I recently accused CRM technology of "a desperate nostalgia to make the service economy look like a production economy." I now realize that this is related to another nostalgia, which is for Frederick Winslow Taylor's Principles of Scientific Management. This latter nostalgia seems, for me at least, to be the best explanation for why the phrase "service science" seems to be insinuating itself into our working vocabulary. As I wrote in my previous blog:
Taylor's intense quantitative analysis of manufacturing processes cast a dark shadow over the nature of work for most of the twentieth century, but we never seem to be able to get out from under that shadow. What was comedy in Cheaper by the Dozen has become dark farce as die-hard Taylorists reflect the behavior of the small boy with a hammer to whom everything looks like a nail.
Taylor's principles were not intended to be applied to anything other than production, yet efforts to make the provision of service look like the manufacturing of a product are not as recent as we might thing. One has only to examine the book, Education and the Cult of Efficiency: A Study of the Social Forces that have Shaped the Administration of Public Schools, by Raymond E. Callahan. As I wrote in one of my earliest blog entries:
Never mind that this book was published in 1962; the extent that it was still relevant today was, to say the least, chilling. In a nutshell this book provided an excellent review of the principles of "scientific management," which basically originated from the work of Charles Taylor, and then discussed the ways in which public school systems tried to embrace those principles to the general detriment of the quality of education.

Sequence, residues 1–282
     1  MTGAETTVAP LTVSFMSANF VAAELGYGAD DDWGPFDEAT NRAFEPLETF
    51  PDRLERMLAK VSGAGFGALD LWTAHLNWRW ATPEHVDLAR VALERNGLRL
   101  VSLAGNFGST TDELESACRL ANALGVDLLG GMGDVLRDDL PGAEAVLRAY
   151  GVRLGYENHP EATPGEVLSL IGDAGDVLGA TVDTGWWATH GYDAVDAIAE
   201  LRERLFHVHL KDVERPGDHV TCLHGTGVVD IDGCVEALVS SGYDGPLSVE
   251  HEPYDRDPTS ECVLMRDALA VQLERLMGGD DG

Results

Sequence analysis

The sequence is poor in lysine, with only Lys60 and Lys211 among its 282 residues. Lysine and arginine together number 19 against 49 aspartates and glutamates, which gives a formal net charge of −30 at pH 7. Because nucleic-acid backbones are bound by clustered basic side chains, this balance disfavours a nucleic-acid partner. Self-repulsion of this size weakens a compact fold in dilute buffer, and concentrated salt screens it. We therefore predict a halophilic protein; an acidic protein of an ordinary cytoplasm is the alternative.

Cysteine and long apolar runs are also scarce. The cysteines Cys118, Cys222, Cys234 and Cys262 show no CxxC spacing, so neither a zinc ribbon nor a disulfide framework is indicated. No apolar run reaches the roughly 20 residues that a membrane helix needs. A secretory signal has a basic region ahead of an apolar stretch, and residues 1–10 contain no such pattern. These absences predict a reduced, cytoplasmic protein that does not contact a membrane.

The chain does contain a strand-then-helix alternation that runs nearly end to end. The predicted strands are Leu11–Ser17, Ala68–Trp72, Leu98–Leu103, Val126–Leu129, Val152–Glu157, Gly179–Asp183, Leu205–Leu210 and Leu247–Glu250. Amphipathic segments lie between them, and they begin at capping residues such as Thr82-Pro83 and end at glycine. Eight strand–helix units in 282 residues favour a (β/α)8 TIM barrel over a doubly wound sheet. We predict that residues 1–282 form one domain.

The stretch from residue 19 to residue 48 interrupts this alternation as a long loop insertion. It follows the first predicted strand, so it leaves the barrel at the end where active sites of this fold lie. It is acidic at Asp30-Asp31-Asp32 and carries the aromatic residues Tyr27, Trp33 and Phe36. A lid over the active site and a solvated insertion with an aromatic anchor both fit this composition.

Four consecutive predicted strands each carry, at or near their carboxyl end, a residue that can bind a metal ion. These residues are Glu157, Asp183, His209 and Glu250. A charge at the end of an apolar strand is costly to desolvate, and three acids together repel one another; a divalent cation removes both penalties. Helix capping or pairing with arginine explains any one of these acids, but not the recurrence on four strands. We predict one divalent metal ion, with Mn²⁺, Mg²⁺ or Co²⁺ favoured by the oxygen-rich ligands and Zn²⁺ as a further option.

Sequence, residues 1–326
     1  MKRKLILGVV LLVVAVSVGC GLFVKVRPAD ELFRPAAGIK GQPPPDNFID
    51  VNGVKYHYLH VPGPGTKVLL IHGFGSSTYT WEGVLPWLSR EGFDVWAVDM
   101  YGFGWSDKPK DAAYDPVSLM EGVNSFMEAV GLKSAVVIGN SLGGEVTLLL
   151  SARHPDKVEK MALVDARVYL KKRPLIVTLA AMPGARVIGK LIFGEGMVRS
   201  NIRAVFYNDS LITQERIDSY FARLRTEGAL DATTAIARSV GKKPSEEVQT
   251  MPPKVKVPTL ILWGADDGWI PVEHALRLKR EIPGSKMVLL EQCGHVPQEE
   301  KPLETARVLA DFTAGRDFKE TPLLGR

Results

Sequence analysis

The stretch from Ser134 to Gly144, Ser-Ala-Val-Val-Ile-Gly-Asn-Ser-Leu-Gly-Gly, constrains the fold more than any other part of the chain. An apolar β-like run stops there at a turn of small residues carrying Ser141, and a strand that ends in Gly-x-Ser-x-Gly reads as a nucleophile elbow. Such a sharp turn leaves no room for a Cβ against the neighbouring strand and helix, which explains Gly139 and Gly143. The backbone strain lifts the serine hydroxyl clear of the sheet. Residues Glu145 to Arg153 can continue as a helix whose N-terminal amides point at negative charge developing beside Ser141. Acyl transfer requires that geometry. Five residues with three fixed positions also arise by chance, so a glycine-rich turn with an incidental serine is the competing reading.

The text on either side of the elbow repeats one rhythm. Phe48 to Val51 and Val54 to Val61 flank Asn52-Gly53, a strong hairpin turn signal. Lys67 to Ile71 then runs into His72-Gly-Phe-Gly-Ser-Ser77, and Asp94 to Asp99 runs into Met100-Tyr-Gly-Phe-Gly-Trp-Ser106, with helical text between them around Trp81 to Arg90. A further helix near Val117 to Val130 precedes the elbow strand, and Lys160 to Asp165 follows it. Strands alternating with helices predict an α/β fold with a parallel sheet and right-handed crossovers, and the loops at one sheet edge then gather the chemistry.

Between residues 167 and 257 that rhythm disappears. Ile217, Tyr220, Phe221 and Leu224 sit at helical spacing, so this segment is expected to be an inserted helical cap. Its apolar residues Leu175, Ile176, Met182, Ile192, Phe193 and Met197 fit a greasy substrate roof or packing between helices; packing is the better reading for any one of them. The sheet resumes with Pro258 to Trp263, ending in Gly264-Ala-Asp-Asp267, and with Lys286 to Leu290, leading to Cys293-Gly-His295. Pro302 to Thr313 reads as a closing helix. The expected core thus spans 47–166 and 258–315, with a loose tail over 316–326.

Since education is not just a service profession but also "the second oldest profession" (which makes it interesting that "the oldest profession" is also a service profession), this confusion of service and product can be traced back at least as far as the appearance of Taylor's book.
This leads me to think about one of the more inspiring papers I read that provides an articulate opposition to Taylorism, an article by John Seely Brown and Paul Duguid that appeared in 1991 in Organization Science entitled, "Organizational learning and communities-of-practice." What most impressed me about this paper was the way, in the words of their subtitle, Brown and Duguid tried to develop "a unified view of working, learning, and innovation." In the context of the argument I have been trying to develop here, I now see that this unified view may actually be viewed as necessary to the service economy, while in a production economy one would be hard pressed to find many who would advocate it as even desirable. This may have to do with my own reasons for supporting Callahan so enthusiastically: In a production economy, your highest priority is the efficient use of your capital in the production of more capital. Education, on the other hand, does not accord such priority to capital or to its efficient use. Rather, it is concerned with the effectiveness of a process of engagement, the relationship that is formed between teacher and student. This returns me to the theme that our bias towards transactions runs the risk of abstracting away the concept of engagement until nothing is left to it. Unfortunately, this kind of transaction-based thinking is invading the world of education with a destructive force even greater than that of Taylorism. In the community of eLearning, we now have a whole community that wishes to reduce the "educational engagement" (if you can still call it that) to the management of "learning objects," while Ray Kurzweil would have us believe that education is just another form of goal satisfaction.
Where will all this lead? I have already suggested that we are well on the path to losing all confidence in our service providers, but then did not the shift to service come about in response to consumers losing confidence in products manufactured in the United States? Perhaps this is why we now turn to both the products and services as the only place left to place our confidence, trying to ignore, as long as we can, just how impoverished those offerings really are. Then, when the shock of recognizing that impoverishment hits us, while shall succumb to that boredom that will turn us into "mindless and ineffective Eloi!"